The United States on Friday rolled back some of the punitive tariffs it has imposed amid its trade war with China, as an interim trade deal between the two countries took effect the same day.

Based on the "phase one" deal, the United States halved the 15 percent tariff rates imposed on $120 billion of Chinese imports in exchange for Beijing's commitment to purchase substantially more U.S. products and strengthen its intellectual property protections.

The latest development comes as China wrestles with the outbreak of a new coronavirus that has hit economic activity in the country and the region, creating uncertainty as to whether Beijing will be able to buy additional U.S. goods and services to the targeted level.

China has agreed to boost its purchases of U.S. goods and services over the next two years by at least $200 billion, including $32 billion on agriculture alone, in a move that is expected to help the United States reduce its trade deficit with the Asian country.

China has also promised to pursue financial services liberalization, while committing to address allegations of forced technology transfer and currency manipulation to boost exports.

The United States, however, will maintain a tariff rate of 25 percent for approximately $250 billion of Chinese imports -- roughly half the amount China sold to the United States in 2018.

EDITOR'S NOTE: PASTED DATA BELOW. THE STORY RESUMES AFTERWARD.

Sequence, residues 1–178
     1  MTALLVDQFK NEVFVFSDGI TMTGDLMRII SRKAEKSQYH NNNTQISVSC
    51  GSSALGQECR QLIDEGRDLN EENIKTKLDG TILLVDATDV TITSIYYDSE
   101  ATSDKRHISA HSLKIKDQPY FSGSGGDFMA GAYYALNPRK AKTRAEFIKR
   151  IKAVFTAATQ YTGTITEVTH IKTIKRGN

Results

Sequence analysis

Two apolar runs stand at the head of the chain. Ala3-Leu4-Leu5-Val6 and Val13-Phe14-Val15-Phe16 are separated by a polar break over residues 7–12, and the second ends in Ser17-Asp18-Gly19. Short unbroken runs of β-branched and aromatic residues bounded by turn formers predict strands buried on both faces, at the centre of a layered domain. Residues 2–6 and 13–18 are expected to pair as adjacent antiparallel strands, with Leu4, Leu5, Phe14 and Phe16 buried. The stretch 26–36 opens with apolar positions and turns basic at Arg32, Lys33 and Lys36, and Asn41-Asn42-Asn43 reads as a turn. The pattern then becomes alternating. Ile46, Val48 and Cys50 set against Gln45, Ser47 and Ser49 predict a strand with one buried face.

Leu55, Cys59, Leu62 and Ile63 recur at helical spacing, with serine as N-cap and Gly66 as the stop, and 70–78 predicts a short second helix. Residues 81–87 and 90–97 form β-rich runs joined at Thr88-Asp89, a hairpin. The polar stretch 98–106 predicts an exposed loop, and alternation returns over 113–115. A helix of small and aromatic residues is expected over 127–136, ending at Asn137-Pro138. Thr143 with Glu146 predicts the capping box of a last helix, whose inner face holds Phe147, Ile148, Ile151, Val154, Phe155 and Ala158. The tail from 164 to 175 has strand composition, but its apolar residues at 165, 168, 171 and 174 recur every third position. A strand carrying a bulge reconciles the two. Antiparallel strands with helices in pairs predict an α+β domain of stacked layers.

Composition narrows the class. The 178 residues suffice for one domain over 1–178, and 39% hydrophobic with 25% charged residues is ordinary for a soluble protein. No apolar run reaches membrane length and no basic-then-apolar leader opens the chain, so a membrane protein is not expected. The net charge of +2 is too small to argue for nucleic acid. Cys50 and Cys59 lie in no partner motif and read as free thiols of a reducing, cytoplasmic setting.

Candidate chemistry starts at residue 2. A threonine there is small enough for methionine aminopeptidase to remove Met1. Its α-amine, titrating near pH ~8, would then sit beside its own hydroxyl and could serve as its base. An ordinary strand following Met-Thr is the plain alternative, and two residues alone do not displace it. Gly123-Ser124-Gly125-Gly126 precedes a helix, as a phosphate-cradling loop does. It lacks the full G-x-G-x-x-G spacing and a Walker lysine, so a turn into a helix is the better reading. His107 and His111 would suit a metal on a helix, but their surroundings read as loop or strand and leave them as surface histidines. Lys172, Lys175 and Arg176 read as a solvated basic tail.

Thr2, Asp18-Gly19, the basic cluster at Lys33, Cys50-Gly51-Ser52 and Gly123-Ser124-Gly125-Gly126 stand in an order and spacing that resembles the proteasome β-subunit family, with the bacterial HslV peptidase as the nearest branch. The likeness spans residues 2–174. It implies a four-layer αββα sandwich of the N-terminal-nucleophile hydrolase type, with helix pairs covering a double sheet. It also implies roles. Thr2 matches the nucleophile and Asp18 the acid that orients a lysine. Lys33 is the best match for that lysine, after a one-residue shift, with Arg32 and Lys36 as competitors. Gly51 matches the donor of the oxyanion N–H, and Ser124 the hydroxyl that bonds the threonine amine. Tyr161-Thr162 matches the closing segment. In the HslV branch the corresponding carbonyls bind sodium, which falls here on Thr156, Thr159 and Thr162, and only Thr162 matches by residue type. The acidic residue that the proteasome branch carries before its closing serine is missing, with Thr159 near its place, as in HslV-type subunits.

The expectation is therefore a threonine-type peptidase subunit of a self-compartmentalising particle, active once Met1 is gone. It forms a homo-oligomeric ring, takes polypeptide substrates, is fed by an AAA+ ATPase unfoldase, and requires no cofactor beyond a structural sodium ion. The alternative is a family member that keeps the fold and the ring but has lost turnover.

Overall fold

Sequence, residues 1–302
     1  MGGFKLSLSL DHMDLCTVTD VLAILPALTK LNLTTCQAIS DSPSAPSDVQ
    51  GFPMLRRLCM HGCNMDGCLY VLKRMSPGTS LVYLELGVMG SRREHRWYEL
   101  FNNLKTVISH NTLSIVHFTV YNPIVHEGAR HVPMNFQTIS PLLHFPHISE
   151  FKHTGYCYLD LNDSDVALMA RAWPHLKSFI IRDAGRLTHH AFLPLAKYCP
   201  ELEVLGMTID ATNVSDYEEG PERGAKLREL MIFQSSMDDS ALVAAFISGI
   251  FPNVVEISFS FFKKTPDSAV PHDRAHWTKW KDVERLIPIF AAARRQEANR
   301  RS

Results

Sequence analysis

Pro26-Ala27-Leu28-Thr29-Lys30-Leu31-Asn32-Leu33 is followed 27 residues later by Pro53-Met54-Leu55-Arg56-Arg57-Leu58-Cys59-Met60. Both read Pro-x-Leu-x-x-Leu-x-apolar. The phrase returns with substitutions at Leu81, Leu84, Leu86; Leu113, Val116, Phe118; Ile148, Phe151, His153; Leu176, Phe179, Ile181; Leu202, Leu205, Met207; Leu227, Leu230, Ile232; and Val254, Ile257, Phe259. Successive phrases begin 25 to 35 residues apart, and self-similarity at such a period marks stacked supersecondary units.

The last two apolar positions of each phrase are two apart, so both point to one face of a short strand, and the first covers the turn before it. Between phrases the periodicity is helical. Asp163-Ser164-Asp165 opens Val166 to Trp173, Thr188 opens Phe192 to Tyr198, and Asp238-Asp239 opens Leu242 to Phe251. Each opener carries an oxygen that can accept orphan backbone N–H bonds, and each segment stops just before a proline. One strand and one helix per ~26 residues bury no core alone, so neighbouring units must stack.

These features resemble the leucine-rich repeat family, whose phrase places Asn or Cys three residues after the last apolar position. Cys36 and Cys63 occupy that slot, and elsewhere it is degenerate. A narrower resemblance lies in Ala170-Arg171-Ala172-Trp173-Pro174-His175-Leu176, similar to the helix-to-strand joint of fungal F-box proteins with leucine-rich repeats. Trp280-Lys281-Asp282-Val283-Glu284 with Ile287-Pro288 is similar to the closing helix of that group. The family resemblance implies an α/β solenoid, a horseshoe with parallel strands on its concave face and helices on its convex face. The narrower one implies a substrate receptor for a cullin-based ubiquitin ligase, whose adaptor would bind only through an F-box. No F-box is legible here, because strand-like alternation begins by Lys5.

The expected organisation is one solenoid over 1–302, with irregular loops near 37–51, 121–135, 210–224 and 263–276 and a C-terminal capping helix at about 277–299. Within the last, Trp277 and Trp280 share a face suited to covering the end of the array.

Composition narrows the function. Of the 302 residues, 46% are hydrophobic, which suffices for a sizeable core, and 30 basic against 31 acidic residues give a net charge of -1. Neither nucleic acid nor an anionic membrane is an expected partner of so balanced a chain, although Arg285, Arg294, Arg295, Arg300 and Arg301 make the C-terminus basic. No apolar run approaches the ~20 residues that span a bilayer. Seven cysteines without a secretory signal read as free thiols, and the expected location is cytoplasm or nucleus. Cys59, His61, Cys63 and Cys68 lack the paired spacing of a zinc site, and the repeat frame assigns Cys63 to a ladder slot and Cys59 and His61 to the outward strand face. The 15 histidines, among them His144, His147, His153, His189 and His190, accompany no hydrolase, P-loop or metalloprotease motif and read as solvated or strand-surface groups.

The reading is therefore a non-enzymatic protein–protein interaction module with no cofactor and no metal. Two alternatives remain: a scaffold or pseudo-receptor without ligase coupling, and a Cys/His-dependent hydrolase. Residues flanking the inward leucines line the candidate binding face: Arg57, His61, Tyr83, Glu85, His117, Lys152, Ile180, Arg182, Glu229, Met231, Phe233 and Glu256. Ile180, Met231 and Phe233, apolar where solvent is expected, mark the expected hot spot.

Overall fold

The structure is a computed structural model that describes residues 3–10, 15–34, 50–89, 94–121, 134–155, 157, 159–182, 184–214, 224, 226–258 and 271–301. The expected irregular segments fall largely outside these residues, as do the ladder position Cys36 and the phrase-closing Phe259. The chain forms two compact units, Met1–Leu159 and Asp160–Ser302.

The move means that $370 billion of Chinese goods will continue to be affected by punitive levies imposed by the United States since the tit-for-tat trade war started in July 2018.

China, for its part, has said it will lower tariffs on about $75 billion worth of goods imported from the United States, effective Friday.

The administration of U.S. President Donald Trump sees the agreement as the first part of a bigger trade deal to address longstanding U.S. complaints over China's economic and trade regime.

The truce between the economic giants has been a relief for the world economy, which has been impacted by the escalating tariff war, as well as for the two countries.

But the outbreak of the new coronavirus has emerged as a possible new risk, with production halted at factories in China, supply chains disrupted and travel restrictions imposed. Infections have spread to over 20 countries mainly in Asia, Europe and North America.

Experts have warned of possible economic spillover to the rest of the world, as the Chinese economy now accounts for around 19 percent of the global gross domestic product, according to the International Monetary Fund.